Jilin Chemical Spill

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Jilin Chemical Spill by Mind Map: Jilin Chemical Spill

1. What happened/general imformation

1.1. Where did it occur?

1.1.1. The spill occured in Jilin City, China on November 13th, 2005

1.1.2. What happened?

1.1.2.1. The explosion resulted from a blockage in one of the nitration towers that was not handled properly resulting in 100 tons of chemicals being released into nearby water

1.1.2.1.1. What was spilled?

1.2. How the spill spread/how far it went

1.2.1. The spill spread by leaking into the Songhua river, it then ran into Jilin City then Russia affecting its city of Khabarovsk.

1.3. Government action

1.3.1. The Chinese Government neglected to inform the public about the crisis until 10 days after the spill.

1.3.1.1. This lag time of doing nothing to stop the pollutants resulted in the further spread of the toxins into the Amur River and into Russia

1.3.1.2. Eventually, the Government issued acts to help combat the pollution but it was very minimal and too late. They also denied help from other countries in their efforts.

1.4. Who was held responsible

1.4.1. The Chinese government held Jilin Petrochemical corporation responsible for the explosion however the impacts of the explosion should be given to the Chinese government for failing to do anything to help the clean up of the spill.

2. Effects/What is Bioaccumulation

2.1. What is bioaccumulation

2.1.1. Bioaccumulation is the absorption of chemicals into a food chain

2.1.1.1. When does it occur?

2.1.1.1.1. Bioaccumulation occurs when toxins enter a food chain through several means: they can be ingested, absorbed through skin or inhaled, and plants take in toxins directly from soil.

2.1.1.1.2. How does it work?

2.2. Effects of Bioaccummulation on Food Chain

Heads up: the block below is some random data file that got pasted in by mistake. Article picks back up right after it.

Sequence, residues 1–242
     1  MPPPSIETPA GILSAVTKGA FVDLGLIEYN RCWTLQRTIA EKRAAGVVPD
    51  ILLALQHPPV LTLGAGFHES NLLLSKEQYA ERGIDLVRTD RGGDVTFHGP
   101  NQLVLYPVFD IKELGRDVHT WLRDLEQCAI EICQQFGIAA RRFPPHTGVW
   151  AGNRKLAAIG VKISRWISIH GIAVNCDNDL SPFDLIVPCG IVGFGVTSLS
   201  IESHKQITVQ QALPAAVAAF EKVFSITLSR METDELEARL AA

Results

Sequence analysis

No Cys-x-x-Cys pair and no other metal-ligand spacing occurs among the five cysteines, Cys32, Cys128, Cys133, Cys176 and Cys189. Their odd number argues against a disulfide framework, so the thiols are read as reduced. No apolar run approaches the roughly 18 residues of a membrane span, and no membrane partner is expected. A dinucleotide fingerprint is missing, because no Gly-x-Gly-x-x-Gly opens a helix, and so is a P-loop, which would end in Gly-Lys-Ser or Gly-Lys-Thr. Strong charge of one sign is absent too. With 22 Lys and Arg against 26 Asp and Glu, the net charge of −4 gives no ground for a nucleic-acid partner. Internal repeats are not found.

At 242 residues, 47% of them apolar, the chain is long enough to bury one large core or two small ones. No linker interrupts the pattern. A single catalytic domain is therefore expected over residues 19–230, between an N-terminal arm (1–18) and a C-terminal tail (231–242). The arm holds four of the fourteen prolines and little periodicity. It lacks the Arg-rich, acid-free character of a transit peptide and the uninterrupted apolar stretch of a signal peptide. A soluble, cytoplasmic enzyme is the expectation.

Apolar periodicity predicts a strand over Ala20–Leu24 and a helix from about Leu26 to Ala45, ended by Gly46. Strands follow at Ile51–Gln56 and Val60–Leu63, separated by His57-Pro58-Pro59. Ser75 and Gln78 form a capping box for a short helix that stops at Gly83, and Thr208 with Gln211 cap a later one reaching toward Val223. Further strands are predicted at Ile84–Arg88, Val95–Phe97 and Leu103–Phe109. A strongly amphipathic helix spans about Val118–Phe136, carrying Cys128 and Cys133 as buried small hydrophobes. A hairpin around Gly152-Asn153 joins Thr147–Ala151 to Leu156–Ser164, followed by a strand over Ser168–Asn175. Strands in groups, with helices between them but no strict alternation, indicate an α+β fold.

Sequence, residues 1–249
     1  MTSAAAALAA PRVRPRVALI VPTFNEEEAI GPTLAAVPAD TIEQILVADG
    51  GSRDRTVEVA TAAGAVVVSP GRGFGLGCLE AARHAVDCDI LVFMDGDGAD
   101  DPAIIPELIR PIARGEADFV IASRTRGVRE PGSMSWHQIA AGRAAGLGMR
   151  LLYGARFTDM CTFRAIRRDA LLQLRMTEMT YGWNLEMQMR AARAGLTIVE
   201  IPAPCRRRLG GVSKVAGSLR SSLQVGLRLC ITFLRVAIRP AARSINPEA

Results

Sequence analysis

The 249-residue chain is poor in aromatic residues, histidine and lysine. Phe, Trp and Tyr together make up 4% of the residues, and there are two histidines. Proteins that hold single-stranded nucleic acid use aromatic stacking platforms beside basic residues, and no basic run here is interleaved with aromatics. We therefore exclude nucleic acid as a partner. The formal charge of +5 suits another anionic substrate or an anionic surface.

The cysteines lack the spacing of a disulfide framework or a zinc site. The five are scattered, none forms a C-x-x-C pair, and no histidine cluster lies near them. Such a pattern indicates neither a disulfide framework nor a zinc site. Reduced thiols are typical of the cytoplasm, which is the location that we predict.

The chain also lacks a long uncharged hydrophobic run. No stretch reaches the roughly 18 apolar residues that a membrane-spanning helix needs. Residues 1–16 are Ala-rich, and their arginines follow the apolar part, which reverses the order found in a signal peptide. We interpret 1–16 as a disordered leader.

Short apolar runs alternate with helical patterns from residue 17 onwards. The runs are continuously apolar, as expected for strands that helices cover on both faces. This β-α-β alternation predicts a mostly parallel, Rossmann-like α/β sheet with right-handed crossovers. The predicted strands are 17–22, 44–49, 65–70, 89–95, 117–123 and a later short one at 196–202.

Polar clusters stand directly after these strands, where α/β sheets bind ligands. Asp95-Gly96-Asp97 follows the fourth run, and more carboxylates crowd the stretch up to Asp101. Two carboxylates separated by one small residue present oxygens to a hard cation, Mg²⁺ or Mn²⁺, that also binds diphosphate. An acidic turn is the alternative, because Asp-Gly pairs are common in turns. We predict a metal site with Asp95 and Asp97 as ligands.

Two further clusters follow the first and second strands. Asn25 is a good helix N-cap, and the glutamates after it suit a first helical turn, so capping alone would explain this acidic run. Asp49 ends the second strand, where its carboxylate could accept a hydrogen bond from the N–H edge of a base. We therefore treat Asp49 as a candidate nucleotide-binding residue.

2.2.1. As toxins are absorbed into the fat tissue of organisms and it goes up the food chain predators at the top of the food chain absorb the most of the toxins due to the amount of prey they are consuming.

2.2.2. This consumption of toxins can result in cancers

2.2.3. While bio accumulators are stored in fat, they are released into the bloodstream when an animal uses body fat for energy, harming vital organs and systems

3. How the spill will effect the freshwater ecosystem

3.1. Effects on sediment/bottom of the rivers

3.1.1. At the bottom of these rivers is mud and sediment that serve as homes to many worms, insects, and shellfish. Oil in sediments may be very harmful because sediment traps the oil and affects the organisms that live in or feed off the sediment

3.1.2. Rocks found in and around flowing water serve as homes for mosses, which are an important basic element in a freshwater habitat's food chain. Spilled oil can cover these rocks, killing the mosses and disrupting homes

3.2. Effects on banks

3.2.1. Oil spilled into most rivers often collects along the banks, where the oil clings to plants and grasses. The animals that ingest these contaminated plants are then effected and the toxin travels up the food chain hurting the predators in the ecosystem

3.3. How Bioaccumulation will effect the Freshwater ecosystem

3.3.1. Absorption of toxins to the lower food chain organisms like autotrophs

3.3.1.1. Moves up the food chain from autotrophs to heterotrophs the toxins are stored in the fat of the heterotrophs. As it travels up the food chain the top organism, predators, absorb the most toxin

3.3.1.1.1. Drop in predators due to toxin

3.3.1.1.2. With limited predators other species that the predators consumers will increase leading to an overpopulation issue in the ecosystem

3.4. Loss in biodiversity

3.4.1. A study was conducted that showed that because of the presence of benzene and nitrobenzene in river water resulted in the loss of diatom and mussel populations

3.4.1.1. Loss in population lead to a loss in potential speciation

3.4.2. As predators decrease due to bioaccumulation the species diversity and survival decrease due to the lack of numbers.

4. What organisms live in the Amur River and Songhua River

4.1. Where is the Amur and Songhua River?

4.1.1. The Amur River flows from China into Russia and have many offshoots such as the Songhua River that flows into the city of Jilin

4.2. FIsh

4.2.1. Pike

4.2.2. Catfish

4.2.3. Northern Snakehead

4.2.4. Mussels

4.3. Plants

4.3.1. Algea

4.3.2. Diatoms

4.4. Bugs

4.4.1. Water Bugs

4.5. Endangered Animals that depend on the Amur and Songhua River

4.5.1. Amur leopard (endangered)

4.5.2. Amur tiger (endangered)